Surveillance drones and other potential offenders against personal privacy and the 4th Amendment have already received some attention here, but the gadgeteers at DARPA (the Defense Advanced Research Projects Agency) have upped the ante yet again:

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The U.S. government is eyeing the idea of turning bugs – genuine live creepy-crawlies – into spies, thanks to the work of micro researchers at the University of Michigan.

According to results published in the Journal of Micromechanics and Microengineering, Professor Khalil Najafi, chairman of electrical and computer engineering at the University of Michigan, and doctoral student Erkan Aktakka are finding ways to harvest energy from insects.

The stated intention is to use insects as first responders for disasters, but the technology also is likely to usher in a new era for intelligence gathering.

Researchers have found insects get their energy from the food they eat and then use that energy to fly. In the process, some of the energy is wasted. The Michigan research team has exploited the wasted energy by attaching tiny electrical generators to the wings of the insect. The energy harvested could be further increased by using tiny solar cells on the tops of the wings. — WND, December 3, 2011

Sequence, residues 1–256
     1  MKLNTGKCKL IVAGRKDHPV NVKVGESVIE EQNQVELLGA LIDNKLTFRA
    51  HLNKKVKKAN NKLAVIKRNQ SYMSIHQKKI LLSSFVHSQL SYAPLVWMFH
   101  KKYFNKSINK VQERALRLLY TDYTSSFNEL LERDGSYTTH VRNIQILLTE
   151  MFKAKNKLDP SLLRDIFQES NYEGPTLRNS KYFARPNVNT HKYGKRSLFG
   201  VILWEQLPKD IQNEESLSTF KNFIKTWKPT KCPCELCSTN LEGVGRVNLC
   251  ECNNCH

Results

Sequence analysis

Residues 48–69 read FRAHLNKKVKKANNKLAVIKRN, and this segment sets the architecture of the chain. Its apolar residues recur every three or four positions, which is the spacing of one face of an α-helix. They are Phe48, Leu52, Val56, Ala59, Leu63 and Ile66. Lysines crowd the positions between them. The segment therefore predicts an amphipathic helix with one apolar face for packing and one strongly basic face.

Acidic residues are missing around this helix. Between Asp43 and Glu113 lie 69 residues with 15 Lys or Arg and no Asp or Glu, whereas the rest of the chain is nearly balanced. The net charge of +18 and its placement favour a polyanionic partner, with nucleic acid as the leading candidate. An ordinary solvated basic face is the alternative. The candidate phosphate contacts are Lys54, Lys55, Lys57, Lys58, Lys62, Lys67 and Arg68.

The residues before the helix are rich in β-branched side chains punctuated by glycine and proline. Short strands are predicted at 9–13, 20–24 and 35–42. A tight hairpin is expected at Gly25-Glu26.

As we’ve said before, technology is ethically neutral; it’s the intentions of the users and how they employ it that determine whether or not this is a good thing.

DARPA is taking it one step further: growing cyborgs. A cyborg (portmanteau term for “CYBernetic ORGanism”) is a partly living and partly mechanical creature:

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DARPA researchers are inserting computer chips into moth pupae – the intermediate stage between a caterpillar and a flying adult – and hatching them into healthy “cyborg moths.”

The Hybrid Insect Micro-Electro-Mechanical Systems (HI-MEMS) project aims to create literal flying cameras – insects whose nerves have grown into the implanted microprocessor so that operators can control them in flight. This would eliminate implanting probes into the insect, making for a more stable connection. — WND, ibid.

The CIA and the military can definitely find uses for HI-MEMS robotic insect spy drones, but they’ll always have a requirement for surveillance systems that can fly faster than 30 miles an hour and not get swallowed by a bird.

The next time you swat a fly, though, you should take a closer look: There might be a microchip stuck to your swatter.